In this problem r is a fixed positive integer. You are given N rectangles, all the same size, in the plane. The sides are either vertical or horizontal. We assume the area of the intersection of all N rectangles has non-zero area. The problem is how to find N-r of these rectangles, so as to maximize the area of the intersection. This problem arises in practical microscopy when one repeatedly images a given biological specimen, and alignment changes slightly during this process, due to physical reasons (e.g. differential expansion of parts of the microscope and camera). I have expressed the problem for dimension d=2. There is a similar problem for each d>0. For d=1, an O(N log(N)) solution is obtained by sorting the lefthand endpoints of the intervals. But let's stick with d=2. If r=1, one can again solve the problem in time O(N log(N)) by sorting coordinates of the corners.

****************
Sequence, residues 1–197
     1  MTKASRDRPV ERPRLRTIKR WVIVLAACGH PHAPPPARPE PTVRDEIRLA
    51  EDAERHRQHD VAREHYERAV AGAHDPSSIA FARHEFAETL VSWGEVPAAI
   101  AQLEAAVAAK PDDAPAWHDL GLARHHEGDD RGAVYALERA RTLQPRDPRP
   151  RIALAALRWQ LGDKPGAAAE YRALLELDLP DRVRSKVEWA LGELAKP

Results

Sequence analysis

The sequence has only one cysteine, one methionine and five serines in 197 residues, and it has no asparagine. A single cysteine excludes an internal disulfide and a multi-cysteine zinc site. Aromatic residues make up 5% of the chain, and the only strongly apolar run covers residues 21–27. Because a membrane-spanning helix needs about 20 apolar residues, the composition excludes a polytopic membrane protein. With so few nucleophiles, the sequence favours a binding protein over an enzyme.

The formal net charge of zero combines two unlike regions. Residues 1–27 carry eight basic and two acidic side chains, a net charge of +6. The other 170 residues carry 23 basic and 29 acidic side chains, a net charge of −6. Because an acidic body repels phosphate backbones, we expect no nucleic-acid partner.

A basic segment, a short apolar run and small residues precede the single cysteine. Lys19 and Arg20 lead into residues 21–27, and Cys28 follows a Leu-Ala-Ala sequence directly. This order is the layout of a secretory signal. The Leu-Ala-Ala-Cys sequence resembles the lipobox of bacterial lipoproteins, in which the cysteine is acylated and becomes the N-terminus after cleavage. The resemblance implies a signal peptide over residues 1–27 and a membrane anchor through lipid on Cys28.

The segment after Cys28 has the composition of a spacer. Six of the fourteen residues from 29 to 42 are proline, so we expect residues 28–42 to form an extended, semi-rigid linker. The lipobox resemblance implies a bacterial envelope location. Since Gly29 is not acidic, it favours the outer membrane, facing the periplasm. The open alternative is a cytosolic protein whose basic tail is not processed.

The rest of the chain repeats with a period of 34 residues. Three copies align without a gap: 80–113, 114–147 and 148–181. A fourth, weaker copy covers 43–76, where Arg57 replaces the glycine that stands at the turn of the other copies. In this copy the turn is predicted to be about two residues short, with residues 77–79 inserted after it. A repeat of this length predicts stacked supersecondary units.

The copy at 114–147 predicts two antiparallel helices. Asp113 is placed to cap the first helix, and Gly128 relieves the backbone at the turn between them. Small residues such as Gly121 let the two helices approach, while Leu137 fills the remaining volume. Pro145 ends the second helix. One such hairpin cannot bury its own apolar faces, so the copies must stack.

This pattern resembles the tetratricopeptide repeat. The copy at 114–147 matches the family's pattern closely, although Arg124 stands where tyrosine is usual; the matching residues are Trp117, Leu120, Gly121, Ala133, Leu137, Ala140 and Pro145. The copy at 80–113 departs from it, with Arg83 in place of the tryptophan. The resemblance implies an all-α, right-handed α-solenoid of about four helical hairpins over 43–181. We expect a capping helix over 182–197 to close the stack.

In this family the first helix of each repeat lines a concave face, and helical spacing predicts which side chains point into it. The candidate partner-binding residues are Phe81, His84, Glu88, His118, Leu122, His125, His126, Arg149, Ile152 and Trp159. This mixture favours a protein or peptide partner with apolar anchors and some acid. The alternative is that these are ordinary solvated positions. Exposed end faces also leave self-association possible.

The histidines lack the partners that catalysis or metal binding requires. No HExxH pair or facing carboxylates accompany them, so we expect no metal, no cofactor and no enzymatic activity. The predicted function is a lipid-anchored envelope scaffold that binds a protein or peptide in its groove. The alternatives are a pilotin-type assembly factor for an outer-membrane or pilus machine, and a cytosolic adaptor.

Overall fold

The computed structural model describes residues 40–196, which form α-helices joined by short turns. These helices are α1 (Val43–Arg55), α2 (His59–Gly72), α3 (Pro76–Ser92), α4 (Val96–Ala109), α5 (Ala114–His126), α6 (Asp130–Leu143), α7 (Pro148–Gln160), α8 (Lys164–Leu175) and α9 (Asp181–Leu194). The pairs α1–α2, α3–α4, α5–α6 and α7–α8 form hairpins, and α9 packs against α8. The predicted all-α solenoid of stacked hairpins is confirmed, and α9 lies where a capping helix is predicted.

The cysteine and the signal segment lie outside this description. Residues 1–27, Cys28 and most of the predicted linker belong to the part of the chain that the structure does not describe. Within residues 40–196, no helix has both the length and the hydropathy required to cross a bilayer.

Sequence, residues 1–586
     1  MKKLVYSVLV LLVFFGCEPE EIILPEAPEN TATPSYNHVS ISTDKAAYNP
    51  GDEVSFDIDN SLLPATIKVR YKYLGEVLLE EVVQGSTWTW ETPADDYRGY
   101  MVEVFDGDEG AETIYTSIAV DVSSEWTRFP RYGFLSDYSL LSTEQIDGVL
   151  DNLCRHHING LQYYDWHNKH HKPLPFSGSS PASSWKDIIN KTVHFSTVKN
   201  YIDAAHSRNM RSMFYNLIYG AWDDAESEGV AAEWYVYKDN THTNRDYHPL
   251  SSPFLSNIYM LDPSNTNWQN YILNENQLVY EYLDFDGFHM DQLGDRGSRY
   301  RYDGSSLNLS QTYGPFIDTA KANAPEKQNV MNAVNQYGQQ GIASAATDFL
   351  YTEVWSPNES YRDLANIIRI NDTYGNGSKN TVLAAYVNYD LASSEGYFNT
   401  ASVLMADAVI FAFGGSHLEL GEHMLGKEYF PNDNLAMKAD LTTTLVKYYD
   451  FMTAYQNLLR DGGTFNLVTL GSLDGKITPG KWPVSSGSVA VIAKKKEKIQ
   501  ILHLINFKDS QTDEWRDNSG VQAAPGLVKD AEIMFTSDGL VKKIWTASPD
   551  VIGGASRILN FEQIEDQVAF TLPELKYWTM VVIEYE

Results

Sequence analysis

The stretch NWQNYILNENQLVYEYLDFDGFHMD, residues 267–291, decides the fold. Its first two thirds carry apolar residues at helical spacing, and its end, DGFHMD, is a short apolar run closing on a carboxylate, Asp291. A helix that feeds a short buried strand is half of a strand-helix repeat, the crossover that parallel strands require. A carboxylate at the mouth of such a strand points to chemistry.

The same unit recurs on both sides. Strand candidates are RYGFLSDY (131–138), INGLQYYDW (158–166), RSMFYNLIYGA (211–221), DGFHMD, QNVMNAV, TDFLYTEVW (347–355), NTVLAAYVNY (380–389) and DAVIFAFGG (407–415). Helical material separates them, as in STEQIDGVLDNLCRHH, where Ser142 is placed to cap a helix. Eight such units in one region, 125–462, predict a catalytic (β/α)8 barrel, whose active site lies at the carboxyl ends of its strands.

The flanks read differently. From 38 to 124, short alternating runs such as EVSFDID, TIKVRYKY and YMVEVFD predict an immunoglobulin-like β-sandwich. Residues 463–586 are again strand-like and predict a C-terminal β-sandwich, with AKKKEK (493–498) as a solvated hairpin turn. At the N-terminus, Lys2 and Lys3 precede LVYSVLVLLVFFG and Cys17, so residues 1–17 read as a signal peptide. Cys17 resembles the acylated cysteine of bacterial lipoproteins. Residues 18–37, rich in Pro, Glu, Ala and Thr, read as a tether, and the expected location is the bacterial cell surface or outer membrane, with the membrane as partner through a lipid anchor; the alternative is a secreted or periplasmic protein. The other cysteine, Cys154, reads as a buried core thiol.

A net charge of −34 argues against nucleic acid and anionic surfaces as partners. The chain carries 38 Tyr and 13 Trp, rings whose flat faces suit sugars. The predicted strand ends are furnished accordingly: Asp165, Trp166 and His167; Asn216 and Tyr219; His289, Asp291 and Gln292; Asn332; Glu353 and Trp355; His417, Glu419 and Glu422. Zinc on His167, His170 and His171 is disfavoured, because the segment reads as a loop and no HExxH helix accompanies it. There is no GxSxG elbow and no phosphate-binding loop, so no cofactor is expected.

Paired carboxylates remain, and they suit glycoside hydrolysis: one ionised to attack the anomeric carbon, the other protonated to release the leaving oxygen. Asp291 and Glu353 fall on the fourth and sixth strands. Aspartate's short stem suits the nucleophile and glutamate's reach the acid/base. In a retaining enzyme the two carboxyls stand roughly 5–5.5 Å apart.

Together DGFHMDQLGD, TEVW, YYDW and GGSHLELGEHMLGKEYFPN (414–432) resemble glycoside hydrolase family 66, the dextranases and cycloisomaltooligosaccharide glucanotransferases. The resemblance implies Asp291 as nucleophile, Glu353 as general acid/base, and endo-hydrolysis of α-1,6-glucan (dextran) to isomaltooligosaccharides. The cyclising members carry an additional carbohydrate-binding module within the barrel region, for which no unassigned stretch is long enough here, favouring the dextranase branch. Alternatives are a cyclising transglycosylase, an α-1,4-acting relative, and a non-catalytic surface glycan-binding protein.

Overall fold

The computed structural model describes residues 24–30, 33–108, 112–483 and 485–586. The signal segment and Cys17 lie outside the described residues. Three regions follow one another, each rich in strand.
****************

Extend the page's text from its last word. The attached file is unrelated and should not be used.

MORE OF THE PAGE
So, is the original problem solved by solving first the case (N,1) obtaining N-1 rectangles, then solving the case (N-1,1), getting N-2 rectangles, and so on, until we reduce to N-r rectangles? I would be interested to see an explicit counter-example to this optimistic attempted procedure. It would be even more interesting if the procedure works (proof please!), but that seems over-optimistic.
If r is fixed at some value r>1, and N is large, is this problem in one of the NP classes?
Thanks for any thoughts about this.